Yield farmers looking for a quick profit were recently taken in by a dubious DeFi protocol called UniCats — a yield farming scheme reminiscent of other, more famous protocols like SushiSwap or Yam Finance.
According to ZenGo researcher Alex Manuskin, at least one of its users lost more than $140,000 worth of Uniswap’s UNI tokens even after they removed their funds from the protocol. Other users lost about $50,000 more, Manuskin told Cointelegraph.
The users fell victim to a dangerous practice commonly seen in DeFi, where most protocols will request the authorization to withdraw unlimited amounts of a particular token from the customer’s wallet. As Cointelegraph previously reported, decentralized apps like Compound, Uniswap, Kyber and others often feature infinite allowances. This allows smart contracts to transact as much of a certain token as they want on behalf of each wallet owner.
Some wallets will let users manually fine-tune an approved amount, though this is generally set to the maximum possible value by default.
Such was the case with UniCats, Manuskin explained: “Not only was the whole thing a rug pull and a scam, it also wants to go after all the approved tokens of the users.”
The UniCats contract contained a sneaky “setGovernance” function that lets its owner call any function in the name of the contract. Since users granted infinite approvals to this contract, the developer was able to drain the entirety of its users’ UNI balances.
Tokens were immediately sold for Ether (ETH), which was then sent to Tornado Cash to be mixed, leading many to question whether these actions were premeditated.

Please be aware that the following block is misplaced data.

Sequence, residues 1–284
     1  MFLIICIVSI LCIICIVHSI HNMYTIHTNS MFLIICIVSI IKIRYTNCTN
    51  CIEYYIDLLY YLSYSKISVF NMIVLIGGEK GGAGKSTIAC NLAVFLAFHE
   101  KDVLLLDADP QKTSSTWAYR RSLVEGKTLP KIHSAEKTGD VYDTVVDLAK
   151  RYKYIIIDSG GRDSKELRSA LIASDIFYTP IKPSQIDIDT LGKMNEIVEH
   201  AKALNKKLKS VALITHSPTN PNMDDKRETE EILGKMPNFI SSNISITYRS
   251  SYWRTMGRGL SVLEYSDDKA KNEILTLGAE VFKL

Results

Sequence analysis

The incident highlights the importance of delegating funds only to vetted and reputable projects. In the wake of the yield farming mania, many lesser-known yield farms were spun up to capitalize on the trend. Unfortunately, they were often outright cash grabs and featured different types of backdoors. Many yield farmers were “rug pulled” and their funds drained in similar incidents.
The difference with UniCats is that the “builders” usually limited themselves to the tokens committed to the protocol. The infinite allowance mechanism allows the contract to withdraw every single token in the user’s wallet, forever. The wallet becomes completely compromised until the approval is lifted, which means that any new token sent to the address can be stolen in the same manner.
The approval mechanism is made necessary by a limitation of the ERC-20 standard used for Ethereum tokens. DApps and smart contracts cannot detect if a user has transferred funds to the contract. Hence, the contract transfers the money on behalf of the user, which requires a pre-set approval. Newer standards like ERC-777 fix this flaw, though this type of token still has vulnerabilities and can still become the victim of theft.
The rationale for setting infinite approvals is that users save on gas fees and time by not having to approve each transaction separately. However, as the Bancor vulnerability showed in June, any compromise of a contract down the line exposes its users to theft, even if they haven’t interacted with the protocol in a while.
Ray Schuetz received a Masters Degree in computer science from The University of Texas (Austin). Ray has been working as a full-time blockchain consultant for the past 3 years. In his spare time, Ray enjoys writing for EthereumCryptocurrency.com and other crypto news publications.